Frank Salvatore
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Mortgage Default and Title Insurance

September 27, 2011 by · Leave a Comment 

Mortgage Default Insurance

There are a lot of things to consider when buying real estate in Hamilton, in particular mortgage options and mortgage insurance.  Your real estate broker can recommend a mortgage broker but before you speak with them here is some information on mortgage insurance.

Mortgage default insurance is the security for the lender who may be at risk if a borrower defaults on making payments. This insurance is required by law for all high ratio mortgages, which is anything less that 20% down, needs to be insured and may also be applied on certain conventional mortgages, however all default insurance is not the same. What you may not know is that different mortgage default insurers have different criteria past the 20% rule.

For years the only insurer was Canada Mortgage and Housing Corporation (CMHC), and then Genworth Financial Canada came onto the scene. Recently a new player emerged – Canada Guaranty Mortgage Insurance Company. What this competition did for Canadian consumers was reduce the amount of the mortgage insurance fees, which vary according to each individual’s situation.

Each of the three mortgage default insurers now offers a selection of programs.Here are a few examples:

  • A Self-employed program for those who can’t provide traditional income verification.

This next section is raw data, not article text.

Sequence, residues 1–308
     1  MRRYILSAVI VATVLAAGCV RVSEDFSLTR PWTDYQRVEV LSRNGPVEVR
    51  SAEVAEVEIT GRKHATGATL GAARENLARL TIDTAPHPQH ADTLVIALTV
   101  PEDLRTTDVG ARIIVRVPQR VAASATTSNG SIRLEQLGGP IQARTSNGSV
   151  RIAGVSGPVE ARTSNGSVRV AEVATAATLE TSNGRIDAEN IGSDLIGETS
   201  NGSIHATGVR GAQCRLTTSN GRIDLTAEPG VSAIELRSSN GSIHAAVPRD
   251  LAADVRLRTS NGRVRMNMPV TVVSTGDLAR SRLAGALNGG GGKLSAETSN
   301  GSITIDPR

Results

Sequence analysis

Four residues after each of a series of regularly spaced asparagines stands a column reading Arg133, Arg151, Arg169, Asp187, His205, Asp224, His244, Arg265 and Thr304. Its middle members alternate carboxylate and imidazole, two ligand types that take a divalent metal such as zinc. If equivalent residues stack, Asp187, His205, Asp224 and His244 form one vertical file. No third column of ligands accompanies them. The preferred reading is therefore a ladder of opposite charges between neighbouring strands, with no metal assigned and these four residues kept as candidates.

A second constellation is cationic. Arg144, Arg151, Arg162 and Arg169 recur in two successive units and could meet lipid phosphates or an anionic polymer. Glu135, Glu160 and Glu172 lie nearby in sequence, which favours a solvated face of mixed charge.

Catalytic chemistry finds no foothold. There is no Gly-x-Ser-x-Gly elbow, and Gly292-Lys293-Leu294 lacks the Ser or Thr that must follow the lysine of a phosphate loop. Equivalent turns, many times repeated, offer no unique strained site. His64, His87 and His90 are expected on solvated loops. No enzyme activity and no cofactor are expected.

• The Cashback Equity program that helps home buyers with good credit purchase a home without using a traditional down payment.
  • The Family Plan program for homeowners who want to help buy a home for elderly parents or entrepreneurial/student children with good credit but insufficient income to meet standard requirements.
  • A Purchase Plus Improvement program that makes it possible for home buyers to make improvements to homes immediately after taking possession.
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How Title Insurance protects you

Title Insurance is a fairly recent addition to the closing costs on a home. It is unlike any other insurance protection and was introduced to protect homeowners from fraud. Basically it ensures that the property you’ve purchased has “good” title, which is your right of ownership and protects any risks against it, even if the problem is found after purchase. Some of the risk involved is as follows:

  • Someone could take your title thought fraud or forgery but you might know about it until you sold your property or you get a letter in the mail that you owe money you know nothing about. Fraudsters can get your information and open up bank accounts and run up credit cards, which will affect your credit  rating
  • A new survey might chow an encroachment on your land
  • A new survey may show an easement, which is a right acquired for access to another person’s property. For example, homes near a conservation area may have an easement allowing hikers to travel across a portion of the property
  • A search of your title might find that your property might not meet zoning by-laws
  • A previous owner might not have been discharged from title

If a problem comes up after closing the title insurer is responsible to either fix the problem or compensate you. Your lawyer can tell you what is covered. Title insurance is a one-time cost and can be purchased any time. The cost is based on the price of your home, the type of home you have and whether it’s a new purchase or a refinance.

The biggest benefit for you is the peace of mind knowing that if there is a problem with the title – you’re covered.

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Frank Salvatore